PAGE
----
5. The National Education Association Rhode Island is all-in for Clay Pell, but what about the state’s other big teachers’ union? “I am not sure what we’re going to do about the governor’s race,” Jim Parisi, a top official at the state’s American Federation of Teachers chapter, said on this week’s Newsmakers. The AFT interviewed candidates this week, but Parisi says the union probably won’t decide on endorsements until late June at the earliest. He made clear, though, the AFT isn’t sold on Pell. “I don’t know that anyone has the inside track right now,” Parisi said. “He’s certainly a strong candidate who has a story to tell about public education, but there are a lot of other considerations that we need to look at in terms of candidates and their viability and their track record.” It’s possible the AFT will back Angel Taveras despite his infamous 2011 teacher terminations, as the mayor has steadily improved his relationship with the city’s AFT local. Adding to the intrigue, Taveras is currently negotiating a new contract with the union. A Raimondo endorsement seems highly unlikely, though Parisi cautioned to “never say never in the world of politics.”
6. Fellow Millennials, don’t keep so much of your money in cash! Try a target-date fund or something.
7. If you want to to read something really scary, check out Michael Strain’s Washington Post column explaining how robot workers could rip apart America’s social fabric. “We are a long way from the Luddite riots of 19th century England, when protesters smashed the trappings of progress,” he writes. “But worries about the rise of the machines are still with us, and for good reason. Will the machines take our good-paying jobs?” Strain’s piece is a relevant read for Rhode Island. Since William McLoughlin chronicled the state’s economic woes back in 1978, Rhode Island has had low unemployment three times: in the second half of the 1980s, the late 1990s, and the mid-2000s. The late ’90s were boom times nationally, while the other two full-employment moments were during real estate booms (soon followed by financial crises). At the same time, the state’s manufacturing base faced more risk from the rise of China than almost any other in the U.S. Short of another construction boom, how is Rhode Island going to generate middle-skill jobs in the coming years?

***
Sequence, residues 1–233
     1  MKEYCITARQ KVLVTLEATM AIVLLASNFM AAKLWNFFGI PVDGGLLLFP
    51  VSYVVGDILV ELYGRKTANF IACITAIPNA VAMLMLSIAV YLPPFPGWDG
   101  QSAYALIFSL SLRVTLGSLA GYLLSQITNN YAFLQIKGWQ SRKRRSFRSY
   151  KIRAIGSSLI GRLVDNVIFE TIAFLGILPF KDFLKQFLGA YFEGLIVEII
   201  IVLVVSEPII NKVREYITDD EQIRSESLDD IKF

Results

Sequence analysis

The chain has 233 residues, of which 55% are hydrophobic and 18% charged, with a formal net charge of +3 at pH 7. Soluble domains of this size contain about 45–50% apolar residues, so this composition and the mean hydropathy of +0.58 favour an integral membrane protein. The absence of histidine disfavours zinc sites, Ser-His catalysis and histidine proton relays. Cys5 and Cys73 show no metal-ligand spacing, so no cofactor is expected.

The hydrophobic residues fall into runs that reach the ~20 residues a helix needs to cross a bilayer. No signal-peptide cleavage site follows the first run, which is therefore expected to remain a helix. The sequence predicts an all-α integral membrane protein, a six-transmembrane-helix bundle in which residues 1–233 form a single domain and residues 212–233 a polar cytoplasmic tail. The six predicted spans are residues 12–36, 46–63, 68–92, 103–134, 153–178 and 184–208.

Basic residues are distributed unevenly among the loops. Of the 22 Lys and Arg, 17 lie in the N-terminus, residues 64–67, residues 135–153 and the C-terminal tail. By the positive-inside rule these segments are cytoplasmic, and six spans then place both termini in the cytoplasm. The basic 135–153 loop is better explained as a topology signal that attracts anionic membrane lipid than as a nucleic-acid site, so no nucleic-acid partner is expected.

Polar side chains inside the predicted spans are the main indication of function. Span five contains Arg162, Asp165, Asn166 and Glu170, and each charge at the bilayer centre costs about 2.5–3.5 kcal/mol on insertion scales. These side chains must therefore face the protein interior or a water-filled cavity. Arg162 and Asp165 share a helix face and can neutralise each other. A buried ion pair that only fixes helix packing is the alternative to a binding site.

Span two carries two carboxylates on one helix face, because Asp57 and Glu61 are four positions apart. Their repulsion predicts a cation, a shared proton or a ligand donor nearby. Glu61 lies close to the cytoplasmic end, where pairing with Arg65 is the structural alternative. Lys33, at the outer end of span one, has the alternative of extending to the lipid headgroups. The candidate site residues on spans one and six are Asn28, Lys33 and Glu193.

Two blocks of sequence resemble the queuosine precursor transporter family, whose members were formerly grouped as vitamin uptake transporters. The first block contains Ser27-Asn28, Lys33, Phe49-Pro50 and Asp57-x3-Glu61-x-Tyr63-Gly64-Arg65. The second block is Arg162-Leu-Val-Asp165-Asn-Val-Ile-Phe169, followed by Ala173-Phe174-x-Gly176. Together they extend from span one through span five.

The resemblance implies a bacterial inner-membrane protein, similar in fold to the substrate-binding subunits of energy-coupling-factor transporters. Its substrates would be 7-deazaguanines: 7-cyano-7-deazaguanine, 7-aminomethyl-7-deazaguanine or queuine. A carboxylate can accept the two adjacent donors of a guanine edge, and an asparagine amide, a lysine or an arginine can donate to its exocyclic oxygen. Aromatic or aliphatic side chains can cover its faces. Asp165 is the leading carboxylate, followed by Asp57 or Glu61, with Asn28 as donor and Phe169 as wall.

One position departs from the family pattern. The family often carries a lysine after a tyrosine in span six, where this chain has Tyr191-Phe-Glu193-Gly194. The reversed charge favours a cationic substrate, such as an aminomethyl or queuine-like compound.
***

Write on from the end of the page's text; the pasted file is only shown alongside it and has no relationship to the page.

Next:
8. Our weekly Saturday Morning Post dispatch from WPRI.com reporter Dan McGowan: “With so much attention being paid to the governor’s race and the raid on the State House, it’s easy to forget how much influence the state’s teachers’ unions continue to have on Smith Hill. The bill that would delay the use of standardized testing probably won’t move in the House – thanks solely to Speaker Mattiello – but as Rhode Island Association of School Committees executive director Tim Duffy asserted on this week’s Newsmakers, the bill that limits the use of teacher evaluations for nearly every teacher in the state is the real win for the union. That bill, which was approved 68-3 in the House and is likely to win overwhelming support in the labor-friendly Senate, would end yearly evaluations for all teacher deemed ‘effective’ or ‘highly effective.’ For context, last year 95% of teachers earned that rating; although both the R.I. Department of Education and two-thirds of school principals disagreed with the results. The bill has Education Commissioner Deborah Gist up in arms. ‘Just stopping something and saying ‘we’re not going to do something anymore’ or making it a debate about ‘do we do something or not do something’ instead of ‘how do we do it well’ I think is where I would be really concerned as a state if we start to turn around from some of the progress we have made,’ Gist told WPRI.com in an interview. Gist has had a long-running battle with the unions since coming to Rhode Island in 2009 on everything from evaluations to NECAP to Race to the Top and it appears this year, the teachers have scored a victory.”